Animal welfare charity the RSPCA has witnessed an astonishing rise in the number of calls it receives complaining about puppy farms
The RSPCA says the number of calls it receives about puppy farms has more than doubled over the past five years, according to figures released this week.
So far this year the charity reports having received 3232 calls, a 122% increase on five years ago.
These shocking figures mean that on average we receive more than one call about puppy farms and dealers every three hours.
The RSPCA’s assistant director of public affairs David Bowles said as the problem grows the need to bring in regulations surrounding the sale of puppies is all the more urgent.
“For dealers, these puppies are easy money. We believe they buy them in from Ireland and the continent for around £100 then sell them on the internet for many hundreds, even thousands of pounds.
“Dealers buy puppies in bulk looking for the highest profit margin. Often the puppies are too young to be away from their mothers and are sick when they are loaded onto vans, before travelling hundreds of miles which is likely to be incredibly stressful and could exacerbate any disease they already have. A lack of socialisation also increases their chances of long-term behavioural problems.
“These people are gambling with the lives of not just these puppies, but the dogs they are bred from too and they are playing with the emotions of people and families who take them on as pets.
“It is clear the present legislation is not working and that this sickening trade needs to be stopped.”
In a bid to raise awareness about the puppy farming industry, we’ve released a run down of the country’s ‘hot spots’ when it comes to reports of puppy farming in 2014.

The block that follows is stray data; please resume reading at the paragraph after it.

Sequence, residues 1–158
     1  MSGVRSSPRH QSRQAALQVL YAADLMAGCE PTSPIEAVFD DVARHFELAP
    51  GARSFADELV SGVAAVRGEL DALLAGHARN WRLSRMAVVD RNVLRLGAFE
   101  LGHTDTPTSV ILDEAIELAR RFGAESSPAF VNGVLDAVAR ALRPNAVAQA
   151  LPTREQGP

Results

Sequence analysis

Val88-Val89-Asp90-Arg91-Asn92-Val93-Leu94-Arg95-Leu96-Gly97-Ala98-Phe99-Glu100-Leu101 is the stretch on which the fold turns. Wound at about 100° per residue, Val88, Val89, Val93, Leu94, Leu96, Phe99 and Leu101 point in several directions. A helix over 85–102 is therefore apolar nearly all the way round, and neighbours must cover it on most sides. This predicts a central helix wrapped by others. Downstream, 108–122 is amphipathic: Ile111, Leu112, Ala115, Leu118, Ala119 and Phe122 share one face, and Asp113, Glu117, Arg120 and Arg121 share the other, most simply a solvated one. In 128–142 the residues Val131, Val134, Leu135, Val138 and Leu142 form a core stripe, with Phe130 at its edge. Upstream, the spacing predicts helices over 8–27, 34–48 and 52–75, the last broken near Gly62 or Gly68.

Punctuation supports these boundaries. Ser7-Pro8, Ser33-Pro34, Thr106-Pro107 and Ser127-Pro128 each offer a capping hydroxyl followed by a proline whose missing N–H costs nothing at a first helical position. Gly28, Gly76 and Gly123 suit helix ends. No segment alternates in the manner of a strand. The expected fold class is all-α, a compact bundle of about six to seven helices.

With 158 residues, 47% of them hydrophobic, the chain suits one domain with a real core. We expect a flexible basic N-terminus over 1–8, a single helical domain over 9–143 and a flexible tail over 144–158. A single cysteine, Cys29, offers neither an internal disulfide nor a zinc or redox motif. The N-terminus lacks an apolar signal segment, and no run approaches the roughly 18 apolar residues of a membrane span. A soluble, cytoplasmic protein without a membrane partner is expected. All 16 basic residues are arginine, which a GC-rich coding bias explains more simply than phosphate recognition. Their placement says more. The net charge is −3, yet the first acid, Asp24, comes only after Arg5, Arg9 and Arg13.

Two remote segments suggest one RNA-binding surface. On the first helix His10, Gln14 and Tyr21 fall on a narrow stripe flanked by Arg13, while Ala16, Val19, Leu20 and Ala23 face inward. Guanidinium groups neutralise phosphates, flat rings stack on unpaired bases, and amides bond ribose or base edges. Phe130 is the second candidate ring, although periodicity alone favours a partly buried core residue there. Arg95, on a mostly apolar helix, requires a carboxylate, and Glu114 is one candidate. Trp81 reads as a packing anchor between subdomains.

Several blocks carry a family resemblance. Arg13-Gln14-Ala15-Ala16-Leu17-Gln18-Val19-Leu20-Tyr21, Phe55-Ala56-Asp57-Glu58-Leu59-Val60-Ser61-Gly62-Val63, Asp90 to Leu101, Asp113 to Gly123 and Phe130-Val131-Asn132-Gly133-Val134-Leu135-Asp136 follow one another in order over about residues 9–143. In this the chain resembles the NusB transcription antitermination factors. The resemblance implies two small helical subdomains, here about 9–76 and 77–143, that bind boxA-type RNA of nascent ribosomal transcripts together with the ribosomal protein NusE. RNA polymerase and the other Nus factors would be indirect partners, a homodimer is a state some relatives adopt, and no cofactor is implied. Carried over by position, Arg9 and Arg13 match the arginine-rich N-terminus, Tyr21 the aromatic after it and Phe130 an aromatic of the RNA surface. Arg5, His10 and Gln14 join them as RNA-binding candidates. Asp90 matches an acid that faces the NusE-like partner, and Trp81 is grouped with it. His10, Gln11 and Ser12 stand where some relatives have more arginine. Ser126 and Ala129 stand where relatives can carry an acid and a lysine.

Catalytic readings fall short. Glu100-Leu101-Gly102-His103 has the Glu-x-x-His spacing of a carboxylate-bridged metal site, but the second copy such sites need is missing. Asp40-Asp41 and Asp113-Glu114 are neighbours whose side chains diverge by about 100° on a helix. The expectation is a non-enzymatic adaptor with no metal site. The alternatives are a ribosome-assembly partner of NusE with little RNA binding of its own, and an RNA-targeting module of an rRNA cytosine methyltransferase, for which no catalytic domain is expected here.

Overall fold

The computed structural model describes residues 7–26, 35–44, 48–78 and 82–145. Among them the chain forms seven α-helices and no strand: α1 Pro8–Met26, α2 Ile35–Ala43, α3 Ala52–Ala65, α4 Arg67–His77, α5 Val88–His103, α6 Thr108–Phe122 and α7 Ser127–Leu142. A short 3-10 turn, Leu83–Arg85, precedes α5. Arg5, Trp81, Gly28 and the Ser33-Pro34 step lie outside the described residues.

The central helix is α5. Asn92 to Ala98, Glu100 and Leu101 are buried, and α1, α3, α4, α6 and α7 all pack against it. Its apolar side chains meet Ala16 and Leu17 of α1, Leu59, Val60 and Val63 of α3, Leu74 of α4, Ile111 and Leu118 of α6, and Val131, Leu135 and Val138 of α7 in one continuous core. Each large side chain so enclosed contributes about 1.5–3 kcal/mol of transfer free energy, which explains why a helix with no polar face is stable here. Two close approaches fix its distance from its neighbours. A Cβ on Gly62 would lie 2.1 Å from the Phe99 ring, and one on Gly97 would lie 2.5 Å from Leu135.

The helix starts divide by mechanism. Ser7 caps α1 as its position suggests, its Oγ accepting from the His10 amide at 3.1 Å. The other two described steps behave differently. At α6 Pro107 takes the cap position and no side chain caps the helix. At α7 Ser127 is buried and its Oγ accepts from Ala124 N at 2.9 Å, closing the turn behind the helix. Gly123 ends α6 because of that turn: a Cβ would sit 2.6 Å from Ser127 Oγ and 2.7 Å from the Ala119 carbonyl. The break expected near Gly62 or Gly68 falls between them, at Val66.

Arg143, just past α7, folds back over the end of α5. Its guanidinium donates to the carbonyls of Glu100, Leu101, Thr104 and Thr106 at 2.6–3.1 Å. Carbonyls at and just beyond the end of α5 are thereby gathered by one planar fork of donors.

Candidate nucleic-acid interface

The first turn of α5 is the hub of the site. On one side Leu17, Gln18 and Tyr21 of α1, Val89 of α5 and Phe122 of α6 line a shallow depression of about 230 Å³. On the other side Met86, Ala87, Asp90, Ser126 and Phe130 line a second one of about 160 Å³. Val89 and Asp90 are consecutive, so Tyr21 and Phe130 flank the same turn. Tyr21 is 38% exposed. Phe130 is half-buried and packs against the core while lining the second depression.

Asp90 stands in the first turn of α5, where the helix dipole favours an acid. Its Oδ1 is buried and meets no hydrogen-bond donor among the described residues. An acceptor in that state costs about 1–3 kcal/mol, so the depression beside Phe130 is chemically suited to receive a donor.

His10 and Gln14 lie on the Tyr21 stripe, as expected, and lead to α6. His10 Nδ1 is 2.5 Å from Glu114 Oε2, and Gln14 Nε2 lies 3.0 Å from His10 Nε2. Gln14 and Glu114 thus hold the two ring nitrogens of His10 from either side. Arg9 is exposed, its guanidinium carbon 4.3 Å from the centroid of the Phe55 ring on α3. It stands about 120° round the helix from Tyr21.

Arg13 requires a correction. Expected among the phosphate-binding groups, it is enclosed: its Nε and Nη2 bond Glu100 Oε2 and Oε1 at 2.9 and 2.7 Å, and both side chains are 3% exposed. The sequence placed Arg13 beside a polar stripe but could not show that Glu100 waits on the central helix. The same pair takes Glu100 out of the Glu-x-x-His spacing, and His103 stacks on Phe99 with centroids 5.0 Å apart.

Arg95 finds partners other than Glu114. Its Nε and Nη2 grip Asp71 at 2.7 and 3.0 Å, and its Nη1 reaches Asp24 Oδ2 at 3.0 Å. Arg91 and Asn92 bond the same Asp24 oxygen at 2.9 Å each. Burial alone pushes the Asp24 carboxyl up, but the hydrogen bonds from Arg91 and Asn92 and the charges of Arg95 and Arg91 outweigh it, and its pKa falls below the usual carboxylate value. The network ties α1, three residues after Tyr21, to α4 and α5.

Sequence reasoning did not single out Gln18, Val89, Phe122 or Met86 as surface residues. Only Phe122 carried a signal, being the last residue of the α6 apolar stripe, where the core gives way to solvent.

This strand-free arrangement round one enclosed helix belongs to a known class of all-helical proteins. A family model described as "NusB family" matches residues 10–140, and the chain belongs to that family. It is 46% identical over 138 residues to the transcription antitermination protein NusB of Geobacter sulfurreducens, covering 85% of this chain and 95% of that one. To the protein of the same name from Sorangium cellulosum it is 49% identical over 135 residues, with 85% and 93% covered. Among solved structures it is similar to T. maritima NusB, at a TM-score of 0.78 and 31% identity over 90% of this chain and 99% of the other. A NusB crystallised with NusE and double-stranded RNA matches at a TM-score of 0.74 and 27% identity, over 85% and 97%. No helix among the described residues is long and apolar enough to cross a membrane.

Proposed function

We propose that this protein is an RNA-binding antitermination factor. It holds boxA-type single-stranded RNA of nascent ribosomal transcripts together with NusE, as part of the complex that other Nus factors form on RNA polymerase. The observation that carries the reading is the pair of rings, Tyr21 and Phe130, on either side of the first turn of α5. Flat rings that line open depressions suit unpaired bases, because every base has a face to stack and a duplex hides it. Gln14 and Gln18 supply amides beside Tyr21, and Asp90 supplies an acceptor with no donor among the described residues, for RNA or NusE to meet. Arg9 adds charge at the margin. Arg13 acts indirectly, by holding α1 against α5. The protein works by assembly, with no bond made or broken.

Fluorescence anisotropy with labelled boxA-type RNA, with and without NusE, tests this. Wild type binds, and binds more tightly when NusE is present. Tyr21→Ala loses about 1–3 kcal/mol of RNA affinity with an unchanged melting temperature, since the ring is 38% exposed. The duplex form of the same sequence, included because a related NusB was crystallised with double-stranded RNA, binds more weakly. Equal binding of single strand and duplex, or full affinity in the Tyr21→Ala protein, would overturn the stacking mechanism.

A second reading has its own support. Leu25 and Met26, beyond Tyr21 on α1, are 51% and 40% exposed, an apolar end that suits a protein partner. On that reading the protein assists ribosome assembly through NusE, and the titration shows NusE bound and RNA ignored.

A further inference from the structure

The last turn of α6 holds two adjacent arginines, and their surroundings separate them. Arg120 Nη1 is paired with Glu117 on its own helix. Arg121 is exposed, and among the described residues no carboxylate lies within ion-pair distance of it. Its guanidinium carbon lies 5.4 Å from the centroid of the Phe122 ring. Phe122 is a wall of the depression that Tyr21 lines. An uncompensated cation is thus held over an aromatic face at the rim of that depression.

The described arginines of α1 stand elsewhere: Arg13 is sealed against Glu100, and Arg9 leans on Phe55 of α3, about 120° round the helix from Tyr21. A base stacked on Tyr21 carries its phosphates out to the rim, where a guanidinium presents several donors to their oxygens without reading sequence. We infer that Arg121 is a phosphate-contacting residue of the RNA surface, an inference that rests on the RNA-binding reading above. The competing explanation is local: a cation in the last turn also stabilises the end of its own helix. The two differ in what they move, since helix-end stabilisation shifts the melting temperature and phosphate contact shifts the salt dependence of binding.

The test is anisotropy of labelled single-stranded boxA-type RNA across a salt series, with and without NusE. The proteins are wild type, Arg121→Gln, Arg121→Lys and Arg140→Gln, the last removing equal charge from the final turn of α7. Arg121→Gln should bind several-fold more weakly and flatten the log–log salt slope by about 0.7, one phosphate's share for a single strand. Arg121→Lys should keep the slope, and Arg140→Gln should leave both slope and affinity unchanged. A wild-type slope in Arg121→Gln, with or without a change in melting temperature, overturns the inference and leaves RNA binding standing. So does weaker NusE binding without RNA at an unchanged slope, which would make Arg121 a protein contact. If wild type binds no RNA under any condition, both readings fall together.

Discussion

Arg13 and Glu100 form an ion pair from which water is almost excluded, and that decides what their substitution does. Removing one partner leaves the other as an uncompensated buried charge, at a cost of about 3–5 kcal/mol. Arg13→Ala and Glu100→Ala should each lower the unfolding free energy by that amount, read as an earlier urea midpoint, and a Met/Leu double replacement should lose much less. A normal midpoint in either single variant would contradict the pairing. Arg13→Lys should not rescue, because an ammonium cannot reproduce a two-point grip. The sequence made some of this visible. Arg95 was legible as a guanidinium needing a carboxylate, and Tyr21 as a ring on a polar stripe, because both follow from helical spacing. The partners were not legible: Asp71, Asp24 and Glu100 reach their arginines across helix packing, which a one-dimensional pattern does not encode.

Greater London saw the highest number of calls (262), with Greater Manchester (209) following close behind.
“Puppy trafficking is big business and dealers are getting rich from duping members of the public and often leaving a trail of sick and dead puppies behind them, not to mention the heartache of families that have bought puppies,” added Bowles.
“If they are lucky enough to be rescued, it can be really difficult for the puppies to cope in a home environment and it takes a lot of time, patience and hard work from their new owners to help them settle in and become confident.
“We want to see tougher regulations in place around the sale of puppies. In 2013 the UK Government brought in new laws to tackle the criminal scrap metal trade in England. But now it’s puppies who are being traded like scrap with no regard for their welfare, or even if they live or die.
“It is far too easy to sell puppies and current laws are failing puppies and their parents. We want to see Westminster treat the issue of puppy dealing in England as seriously as they did scrap metal and licence anyone who sells a puppy to help ensure traceability and put barriers in the way of dealers.”
The RSPCA wants people to tell the UK Government that puppies are more precious than pieces of scrap metal by signing its Scrap the Puppy Trade Petition.